“If it weren’t for the loud voices of a few in our party, I do believe more Republicans would stand up in support” of gay marriage, said Potts, a social conservative who backed Texas Gov. Rick Perry’s presidential bid.

But the HOMOSEXUALS!!! Are getting MARRIED!!! And, and, and… oh, what the hell… where’s the reception and are they serving top shelf?

Letting People Do Things They Used To Be Prohibited From Doing Is Just Like Slavery

Jim Burroway

March 21st, 2012

Or something like that, according to NOM’s Brian Brown who likened his efforts to roll back marriage equality to those of abolitionists “in the late 1800s.”

Santorum wins in Iowa!! (kinda)

Timothy Kincaid

January 19th, 2012

“Wasn’t that weeks ago?” you may be wondering. “And didn’t Romney win by 8 votes?”

Mitt Romney 30,015
Rick Santorum 30,007

Well, that was with 100% of the precincts counted. But now that the Iowa Republican Party leadership has officially “lost” eight precincts, the official winner is Rick Santorum:

Rick Santorum 29,839
Mitt Romney 29,805

No, I’m not making this up. In a scenario that could only be dreamed up by Dodgson, the leadership of the Republican Party in the great state of Iowa have “officially” declared Santorum to have received more votes than Romney in their (meaningless) caucus tally. (WaPo)

“It’s done,” said a party spokesman, who asked that his name not be used. About the missing votes, he said: “We never got ‘em. We tried to track ‘em down, and for whatever reason, we don’t have them.”

Romney graciously chose not to debate the validity of a tally based on “lost” ballots, saying, “The results from Iowa caucus night revealed a virtual tie . . .We once again recognize Rick Santorum for his strong performance in the state.”

But in characteristic manner, Rick Santorum gloated.

This latest defeat of Governor Romney in Iowa is just the beginning, and Rick Santorum is committed to continuing the fight as the clear, consistent conservative voice in this race.

I’m guessing that Rick Santorum actually believes that when they lose your opponents votes, it means that you’ve “defeated” him. The Box of Rocks, which has been enjoying some quiet time with its family, said through a spokesman, “I really pity that man. He is dumber than… well… it’s hard to come up with a comparison.”

What Iowa means

Timothy Kincaid

January 4th, 2012

Coming out of the Iowa caucuses, the total delegate count for each of the GOP presidential candidates now stand at zero. Because yesterday, Iowans didn’t vote for a presidential nominee; they voted for delegates to the Iowa Republican Convention.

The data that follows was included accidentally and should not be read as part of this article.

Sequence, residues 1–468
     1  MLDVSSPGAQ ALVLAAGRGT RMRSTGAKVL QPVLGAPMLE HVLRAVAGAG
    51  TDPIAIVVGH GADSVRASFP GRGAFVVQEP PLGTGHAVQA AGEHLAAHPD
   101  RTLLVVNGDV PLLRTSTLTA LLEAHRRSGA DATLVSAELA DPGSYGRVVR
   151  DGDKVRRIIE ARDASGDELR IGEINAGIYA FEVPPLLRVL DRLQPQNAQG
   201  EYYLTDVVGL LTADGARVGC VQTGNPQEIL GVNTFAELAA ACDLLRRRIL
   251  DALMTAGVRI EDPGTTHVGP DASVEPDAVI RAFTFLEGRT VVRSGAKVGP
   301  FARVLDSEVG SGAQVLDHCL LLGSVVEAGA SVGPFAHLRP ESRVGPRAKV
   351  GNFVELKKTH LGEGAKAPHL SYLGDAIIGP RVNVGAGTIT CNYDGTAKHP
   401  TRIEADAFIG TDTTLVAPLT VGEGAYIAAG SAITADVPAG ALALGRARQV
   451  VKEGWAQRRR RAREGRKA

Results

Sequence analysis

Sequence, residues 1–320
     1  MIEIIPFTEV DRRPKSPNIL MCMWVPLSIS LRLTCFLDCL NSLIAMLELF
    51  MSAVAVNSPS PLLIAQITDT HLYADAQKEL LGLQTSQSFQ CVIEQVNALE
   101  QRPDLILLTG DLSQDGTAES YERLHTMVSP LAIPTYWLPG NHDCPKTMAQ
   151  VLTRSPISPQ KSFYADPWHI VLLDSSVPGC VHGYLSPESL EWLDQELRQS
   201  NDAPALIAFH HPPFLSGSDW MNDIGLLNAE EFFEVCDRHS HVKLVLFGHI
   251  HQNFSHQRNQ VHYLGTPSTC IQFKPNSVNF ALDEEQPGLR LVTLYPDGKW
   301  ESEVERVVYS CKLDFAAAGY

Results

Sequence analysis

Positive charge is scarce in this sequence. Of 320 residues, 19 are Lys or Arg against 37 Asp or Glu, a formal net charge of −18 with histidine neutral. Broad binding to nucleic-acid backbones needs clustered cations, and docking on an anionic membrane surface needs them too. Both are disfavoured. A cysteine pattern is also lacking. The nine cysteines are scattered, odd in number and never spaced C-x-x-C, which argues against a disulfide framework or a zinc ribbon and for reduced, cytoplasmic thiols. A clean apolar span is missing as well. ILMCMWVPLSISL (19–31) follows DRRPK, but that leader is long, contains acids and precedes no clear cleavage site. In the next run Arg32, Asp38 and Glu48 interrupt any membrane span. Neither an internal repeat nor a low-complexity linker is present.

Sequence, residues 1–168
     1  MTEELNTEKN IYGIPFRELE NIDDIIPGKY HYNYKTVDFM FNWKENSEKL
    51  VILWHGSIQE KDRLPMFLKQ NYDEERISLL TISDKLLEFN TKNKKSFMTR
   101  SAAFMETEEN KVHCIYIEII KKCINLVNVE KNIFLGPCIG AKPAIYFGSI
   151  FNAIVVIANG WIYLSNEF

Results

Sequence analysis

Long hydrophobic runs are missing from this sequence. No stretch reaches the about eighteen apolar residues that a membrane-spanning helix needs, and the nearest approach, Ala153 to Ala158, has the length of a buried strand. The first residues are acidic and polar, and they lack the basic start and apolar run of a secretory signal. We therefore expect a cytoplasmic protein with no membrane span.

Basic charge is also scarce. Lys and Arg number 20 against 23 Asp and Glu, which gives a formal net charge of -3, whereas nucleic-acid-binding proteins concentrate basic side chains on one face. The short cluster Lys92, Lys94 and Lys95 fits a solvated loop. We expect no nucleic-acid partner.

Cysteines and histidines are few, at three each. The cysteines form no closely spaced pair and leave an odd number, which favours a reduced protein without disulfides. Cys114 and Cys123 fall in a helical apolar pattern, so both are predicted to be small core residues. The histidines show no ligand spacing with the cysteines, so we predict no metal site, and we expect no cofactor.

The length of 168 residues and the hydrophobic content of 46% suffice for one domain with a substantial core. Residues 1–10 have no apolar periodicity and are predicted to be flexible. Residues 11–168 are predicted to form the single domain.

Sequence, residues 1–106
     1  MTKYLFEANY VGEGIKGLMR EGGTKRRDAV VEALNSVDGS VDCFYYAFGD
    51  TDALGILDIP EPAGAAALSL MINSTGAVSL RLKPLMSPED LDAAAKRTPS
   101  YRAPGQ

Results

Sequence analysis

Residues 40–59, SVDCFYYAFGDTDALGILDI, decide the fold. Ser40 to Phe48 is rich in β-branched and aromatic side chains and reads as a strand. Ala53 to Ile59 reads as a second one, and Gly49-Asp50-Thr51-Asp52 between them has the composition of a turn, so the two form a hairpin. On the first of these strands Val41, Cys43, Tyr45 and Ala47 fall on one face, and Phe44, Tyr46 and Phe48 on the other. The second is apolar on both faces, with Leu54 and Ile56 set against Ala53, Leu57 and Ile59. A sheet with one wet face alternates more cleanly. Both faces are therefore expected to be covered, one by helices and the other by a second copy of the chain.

And while the delegates they elected ran as stand ins for a specific candidate, they have no obligation to vote for that candidate at the convention and likely some will not do so. Because by the time that the Iowa delegates to the state Republican Party convention select their delegates to the national convention, the primary season will be virtually over and the candidate of their choice may no longer even be running.

Nor is the Iowa caucus process indicative of the views of the electorate and who will be victor in November. Last cycle, Mike Huckabee was the clear winner of the caucuses and eventual GOP nominee John McCain came in fourth.

In fact, Iowan caucusers should probably be known best not for what they predict, but for their inclination to give support to candidates that are so far out of the mainstream as to be laughable. In 1996 they gave Pat Robertson 23%, just slightly less than Bob Dole and in 2000 wackadoodle extraordinaire Alan Keyes had 17%.

And I would caution against seeing this process solely in terms of pro-Mitt or anti-Mitt. It is my observation that while a populace may switch loyalties between various similar candidates (Bachmann, Santorum, Perry, Gingrich), those who are loyalists to their candidate (the ones elected as delegates) often hold greater enmity towards the other comparable candidates than they do to the alternate choice. Perry delegates may well hate Santorum more than they do Romney.

So what exactly did yesterday’s vote determine? Nothing.

Well, nothing other than fodder for pundits and marketing tools for candidates. And market they will.

It’s Romney By A Perfectly Coiffed Hair

Jim Burroway

January 4th, 2012

After spending millions of dollars and campaigning more or less nonstop for four years, former Massachusetts Gov. Mitt Romney barely squished passed the late surging Sen. Rick Santorum by a mere eight votes. Santorum is now the last Not Mitt in the race, having dethroned a long line of other Anyone-But-Mitts who had held the frontrunner or near-frontrunner status over the past several months. And what a line that was, beginning with Rep. Michele Bachmann, then Texas Gov. Rick Perry, then pizza magnate Herman Cain, then former House Speaker Newt Gingrich, all of whom courted the tea party and Evangelical wings of the GOP. When caucus day came, it just happened to line up with being Santorum’s turn. According to entrance and exit polls, Santorum came in first with the tea party vote and the Evangelical vote, both by wide margins. If you were against abortion or wanted a candidate with “strong moral character,” then you almost certainly voted for Santorum. You also voted for him if you had only made up your mind in the past few days, indicating that he likely captured the vote that had been shifting from one candidate to another in search of the socially conservative Not Mitt for the past several months.